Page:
“Climate change is not necessarily causing all these things, but it is enhancing these events and in areas where the impact was much smaller before,” said Bowen. “But we’re not pricing (coverage) for 100 years, we’re trying to price for next 365 days, so it can be rolling the dice. Still, the repetitive type of losses over 20 years makes it easier to get a sense where price changes are needed.” Aon says artificial intelligence and predictive models must evolve faster.
“Multi-peril” events are also on the rise. For instance, Hurricane Ida, which cost more than $75 billion in economic losses, hit several U.S. states in late summer 2021. Ida was not limited to its coastal impact along the Gulf of Mexico. Powerful storm remnants hit the populous Northeast, bringing costly flooding inland as well as tornadoes as far as Pennsylvania and other places.
High water, high stakes
The system for insuring against flood damage is getting increased scrutiny as climate change intensifies.
Currently, the federal government, via the National Flood Insurance Program (NFIP), is the primary insurer when it comes to floods, handling both the determination of what makes up a flood zone and the insurance claims. Flood zones, for instance, can influence what degree of insurance a lender might require if borrowing for a property.
But beginning last fall, the NFIP began a complete overhaul to make insurance pricing more accurately reflect each property’s unique flood risk, it says. And, finally, climate change will be factored in.
“No question that this is the most substantive change to the program going back to 1968,” David Maurstad, deputy associate administrator for federal insurance and mitigation and senior executive of the flood insurance program, said at the time.
Whether the changes and fresh eyes come about fast enough if still open to debate, said Aon’s Bowen.
“There’s a big challenge with flooding. We see changes in land use and altering the terrain on a daily basis… Texas, Florida, the Southeast (U.S.)… the government will really need to be updating these [flood-zone] maps more frequently. We see critical higher risk today than even five years ago,” Bowen said.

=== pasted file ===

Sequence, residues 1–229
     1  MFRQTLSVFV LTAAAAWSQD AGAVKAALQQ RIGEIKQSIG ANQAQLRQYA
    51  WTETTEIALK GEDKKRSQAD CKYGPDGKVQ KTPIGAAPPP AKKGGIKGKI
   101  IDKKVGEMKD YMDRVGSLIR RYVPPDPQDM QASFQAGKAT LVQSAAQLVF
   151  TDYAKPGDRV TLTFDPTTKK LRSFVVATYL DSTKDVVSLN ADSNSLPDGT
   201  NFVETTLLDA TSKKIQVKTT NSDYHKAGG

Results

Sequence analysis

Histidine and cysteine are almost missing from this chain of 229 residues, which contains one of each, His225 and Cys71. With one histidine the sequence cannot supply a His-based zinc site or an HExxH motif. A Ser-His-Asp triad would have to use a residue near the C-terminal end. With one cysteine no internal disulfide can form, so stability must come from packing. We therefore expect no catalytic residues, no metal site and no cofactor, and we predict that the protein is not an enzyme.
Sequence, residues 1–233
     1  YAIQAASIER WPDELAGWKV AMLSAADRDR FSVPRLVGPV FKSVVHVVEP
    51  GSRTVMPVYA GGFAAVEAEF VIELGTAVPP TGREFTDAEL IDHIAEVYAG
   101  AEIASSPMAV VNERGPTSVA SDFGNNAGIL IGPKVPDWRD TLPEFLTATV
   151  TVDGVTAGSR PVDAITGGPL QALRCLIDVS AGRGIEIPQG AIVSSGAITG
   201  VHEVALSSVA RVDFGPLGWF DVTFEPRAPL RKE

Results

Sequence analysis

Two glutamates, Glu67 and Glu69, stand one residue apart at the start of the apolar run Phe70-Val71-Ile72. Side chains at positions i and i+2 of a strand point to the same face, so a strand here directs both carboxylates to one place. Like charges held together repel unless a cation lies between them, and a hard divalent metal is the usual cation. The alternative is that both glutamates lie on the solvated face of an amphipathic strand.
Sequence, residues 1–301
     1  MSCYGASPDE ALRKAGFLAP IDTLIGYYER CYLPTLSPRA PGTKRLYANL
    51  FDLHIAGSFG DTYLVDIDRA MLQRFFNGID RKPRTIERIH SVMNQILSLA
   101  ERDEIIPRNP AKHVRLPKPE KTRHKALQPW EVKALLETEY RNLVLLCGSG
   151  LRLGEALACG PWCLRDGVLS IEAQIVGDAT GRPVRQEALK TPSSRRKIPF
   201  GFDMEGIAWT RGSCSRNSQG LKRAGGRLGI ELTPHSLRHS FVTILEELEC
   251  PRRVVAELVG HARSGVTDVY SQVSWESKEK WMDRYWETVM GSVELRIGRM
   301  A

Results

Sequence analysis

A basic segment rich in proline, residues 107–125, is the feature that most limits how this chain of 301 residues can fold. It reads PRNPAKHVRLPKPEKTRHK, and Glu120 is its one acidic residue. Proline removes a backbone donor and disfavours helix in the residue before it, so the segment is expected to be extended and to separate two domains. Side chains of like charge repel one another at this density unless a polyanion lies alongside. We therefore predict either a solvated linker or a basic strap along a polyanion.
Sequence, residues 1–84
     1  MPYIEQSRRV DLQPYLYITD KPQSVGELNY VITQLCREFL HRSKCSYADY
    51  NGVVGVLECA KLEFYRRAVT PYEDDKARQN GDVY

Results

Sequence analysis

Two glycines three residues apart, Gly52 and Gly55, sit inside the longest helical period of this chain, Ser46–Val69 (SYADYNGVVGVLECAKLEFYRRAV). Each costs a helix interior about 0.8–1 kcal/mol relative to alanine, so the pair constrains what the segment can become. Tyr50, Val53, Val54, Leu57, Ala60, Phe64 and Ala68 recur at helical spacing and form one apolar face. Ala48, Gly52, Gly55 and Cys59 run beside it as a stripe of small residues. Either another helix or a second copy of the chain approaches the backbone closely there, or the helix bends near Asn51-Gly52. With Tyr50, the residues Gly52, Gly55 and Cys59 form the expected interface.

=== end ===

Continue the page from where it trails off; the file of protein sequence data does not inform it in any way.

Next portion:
“‘No question that this is the most substantive change to the [national flood insurance] program going back to 1968.’”
Asked if there will be a market for private insurance to pick up where government insurance leaves off, especially when it comes to flood protection, Bowen added: “If private insurance sees that premiums are fairly priced for properties that are highest risk, we could see growing appetite for private to take a bigger role in the market.”
“That would require a fundamental change to flood insurance, but I think some [across the business community] would welcome that.”
Shrinking world, growing risks
Rising physical damage loss is leading to lingering global disruptions to supply chains, Aon said, particularly as in-demand consumerism and one-day delivery has goods and services shuttling around the globe and over U.S. roads faster than ever.
Even without the added risk of climate change, strained supply chains and the ripple effect of higher inflation are already showing what can happen in the face of a global pandemic that clamps down on trade flow.
“When your physical locations [such as a manufacturing plant or a logistics center] are damaged from greater weather events, business suffers from that interconnectedness and that can lead to longer waits or higher costs for the end-consumer,” said Bowen.
He explained that demand for the already existing “business interruption” policies — for instance the type of claims that kicked in when the Texas ice storm power outage shut down busy parts of that state — are likely to jump in demand as climate change persists.